Updated: Jun 21
The moment I was introduced to the bioeconomy, I loved how it challenged me. I love that it approaches serious climate and social issues by making them seem more like opportunities instead of insurmountable obstacles. The bioeconomy sees problems as exciting new chances to improve and succeed. But, as thrilling and enthralling as the bioeconomy is to me, I realize it may not strike a mainstream audience the same way.
"Bioeconomy" sounds advanced and inherently technical, leaving many people with the impression that it's a topic that should be left to the experts, whoever they may be. It's true, the bioeconomy is a technical area, but that doesn't mean it won't inevitably extend into the lives of the very everyday people who choose to push it from their minds. The bioeconomy is something that none of us can get away from and something that, if people understood, they would undoubtedly embrace.
Introducing the bioeconomy to mainstream society and everyday conversation is about making connections. A 2019 poll found that 8 in 10 people not only believe in climate change but believe that it's time to take action. That's quite a few people. Climate change is no longer a topic reserved for graduate research labs and higher-education classroom discussion. Climate change as a global issue has closed the gap and is now so mainstream that 8 in 10 people surveyed were prepared to take immediate action. Ordinary people are ready to act, but how? For some, climate change is recognized, but they aren't sure what to do, so they do nothing. For others, their actions are small or symbolic. Climate change, the issue, has entered the mainstream, but the solution to it hasn't quite bridged the gap yet. The solution to which I am referring is the bioeconomy.
Supporting the bioeconomy is how we take action for the climate today. Contrary to its technical vibe, the bioeconomy isn't just for scientists & researchers. The bioeconomy includes the average consumer, and it desperately needs their support. 8 in 10 people were ready to take action, and supporting the bioeconomy is how they do it. More specifically, purchasing biobased products is how they do it.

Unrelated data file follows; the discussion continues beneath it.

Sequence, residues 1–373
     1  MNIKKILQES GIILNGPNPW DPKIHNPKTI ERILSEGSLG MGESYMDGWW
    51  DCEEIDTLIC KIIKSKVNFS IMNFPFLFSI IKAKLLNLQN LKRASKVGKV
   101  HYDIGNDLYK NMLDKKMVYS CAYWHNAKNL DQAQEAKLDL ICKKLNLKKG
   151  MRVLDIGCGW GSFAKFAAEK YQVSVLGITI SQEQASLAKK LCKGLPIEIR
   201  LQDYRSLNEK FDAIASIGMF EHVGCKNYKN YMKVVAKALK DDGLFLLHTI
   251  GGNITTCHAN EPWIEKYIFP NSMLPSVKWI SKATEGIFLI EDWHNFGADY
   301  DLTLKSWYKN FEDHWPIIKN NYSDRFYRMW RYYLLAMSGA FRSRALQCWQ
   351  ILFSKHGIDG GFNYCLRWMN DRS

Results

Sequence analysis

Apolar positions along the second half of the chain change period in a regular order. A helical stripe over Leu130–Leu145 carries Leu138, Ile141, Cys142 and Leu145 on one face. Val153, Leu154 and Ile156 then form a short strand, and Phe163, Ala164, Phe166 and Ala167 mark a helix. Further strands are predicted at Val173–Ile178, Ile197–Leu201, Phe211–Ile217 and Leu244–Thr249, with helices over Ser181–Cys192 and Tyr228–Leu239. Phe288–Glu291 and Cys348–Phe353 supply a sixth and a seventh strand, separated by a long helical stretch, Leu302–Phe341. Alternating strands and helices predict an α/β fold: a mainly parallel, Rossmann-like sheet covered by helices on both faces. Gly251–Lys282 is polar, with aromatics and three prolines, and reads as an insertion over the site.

This is where most people hit a snag. How do we know what qualifies as a biobased product? Fortunately, the hard part has already been taken care of if we know what to look for. In 2002, the United States government put into effect legislation referred to as the Farm Bill which created the Biopreferred program. The goal of the Biopreferred program was to encourage the purchase of biobased products. By encouraging the purchase of biobased products at the federal level, included companies experience increased revenue, added exposure, and more significant expansion opportunities. Although the Biopreferred program was initially aimed at governmental purchasing decisions, its resources can be effectively applied at the consumer level and achieve the same, if not a more outstanding, result.
You can find the Biopreferred directory here. All you have to do is search for the category of goods you are needed, and the system will return several biobased options and methods of purchase. Patronizing biobased businesses means a more environmentally sustainable life for you and a more stable business for companies trying to compete with the established giants.
It's time to connect peoples' wish to take action with a concrete means of doing so, which means connecting them with bioeconomy resources, like the Biopreferred program, so that they can live the environmentally-conscious lives they desire.
[P.S. Biobased product reviews will be coming to the blog soon. Stay tuned.]